Now that Congress has enacted the Protecting Americans from Tax Hikes (PATH) Act of 2016, small businesses can finally have some measure of certainty about tax rules for the foreseeable future. The new PATH Act law impacts taxes for 2015, as well as for 2016 and for more years to come.
Taxes for 2015
The favorable tax rules that had expired at the end of 2014 now apply to 2015. This means you can write off the cost of equipment you bought and placed in service in 2015 up to $500,000 if eligible. If you bought a new vehicle in 2015, you can take an additional $8,000 depreciation allowance due to the extension of bonus depreciation.
After years of expirations of tax rules followed by their extensions, many rules are now permanent. These include:
- $500,000 first-year expensing (Sec. 179 deduction), which is indexed for inflation starting in 2016.
- Research credit. A new rule allows small businesses to use the credit as an offset to their Social Security taxes rather than their income taxes (these businesses may lack the profits that would benefit from a tax credit offset).
- 15-year recovery period for leasehold, restaurant, and retail improvements.
- Wage differential payments for employees on active duty.
- Reduction in S corporation period for built-in gains.
- Parity between free parking and mass transit passes. These tax-free benefits are not subject to income and employment taxes, saving taxes for both employees and employers.
- Charitable contribution deduction for food inventory donations.
- Basis adjustment for S corporation shareholders for donations of appreciated property by their companies.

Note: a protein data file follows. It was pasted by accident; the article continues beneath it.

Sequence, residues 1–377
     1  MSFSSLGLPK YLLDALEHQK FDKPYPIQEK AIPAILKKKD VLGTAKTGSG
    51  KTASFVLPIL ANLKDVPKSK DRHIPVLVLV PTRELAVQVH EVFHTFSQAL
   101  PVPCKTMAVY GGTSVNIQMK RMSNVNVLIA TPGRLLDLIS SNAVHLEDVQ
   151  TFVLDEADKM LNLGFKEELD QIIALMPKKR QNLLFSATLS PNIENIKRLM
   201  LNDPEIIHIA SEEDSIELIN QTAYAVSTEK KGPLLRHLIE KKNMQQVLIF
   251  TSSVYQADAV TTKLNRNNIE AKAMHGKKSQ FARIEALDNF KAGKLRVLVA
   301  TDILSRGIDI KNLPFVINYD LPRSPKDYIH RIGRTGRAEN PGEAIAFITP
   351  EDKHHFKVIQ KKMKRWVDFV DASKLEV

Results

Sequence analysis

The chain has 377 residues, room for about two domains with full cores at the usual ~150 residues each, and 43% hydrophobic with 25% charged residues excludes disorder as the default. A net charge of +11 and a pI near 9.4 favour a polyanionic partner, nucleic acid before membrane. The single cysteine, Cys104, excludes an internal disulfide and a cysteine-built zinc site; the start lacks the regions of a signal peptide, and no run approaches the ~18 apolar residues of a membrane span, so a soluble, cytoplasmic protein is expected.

Not all of the expired rules have become permanent. However, many of the temporary extensions are for more than just a year, as had occurred previously. This allows for better planning for coming years. Examples of temporary extensions:
- Work opportunity credit through 2019. Also, beginning in 2016, there is a new category of targeted workers: long-term unemployed individuals (unemployed for 27 weeks or more).
- Bonus depreciation through 2019. The rate is 50 percent for 2015, 2016, and 2017. The rate for 2018 is 40 percent, and the rate for 2019 is 30 percent.
Extensions for 2016 only include:
- Deduction for energy-efficient commercial buildings.
- Expensing of the first $15 million of certain film and television costs.
- Empowerment zone incentives.
- Credit for manufacturers of energy-efficient homes.
- Indian employment tax credit and accelerated depreciation for business property on an Indian Reservation.
- Classification of race horses as three-year property.
- 7-year recovery period for motorsports entertainment complexes.
- Various energy-related tax credits.
PATH Act: New Rules
What would a tax bill be without new rules. Here is a sampling:
- Safe harbor for de minimis errors on information returns. If the error on an information return is $100 or less ($25 or less in the case of an error involving tax withholding), the issuer does not have to file a corrected return. This change applies for returns and statements required to be filed after December 31, 2016 (i.e., in 2017).
- Change in the due date for information returns and statements relating to employee wage information and nonemployee compensation. All of the returns and statements are due on or before January 31 of the year following the calendar year to which the returns and statements related, so copies of W-2s and 1099s are due to the Social Security Administration and the IRS, respectively, by this date.
The permanency of many favorable tax rules may be illusive because Congress wants to enact comprehensive tax reform in 2016. During this process, some or even many of the so-called permanent provisions may be eliminated or changed.
Nonetheless, the changes now in place with the PATH Act could translate into greater tax savings for your business. The best strategy is to meet with your tax advisor and explore which ones are beneficial to your business.
Also, consider the numerous tax changes for individuals that may also be helpful for your personal income taxes.
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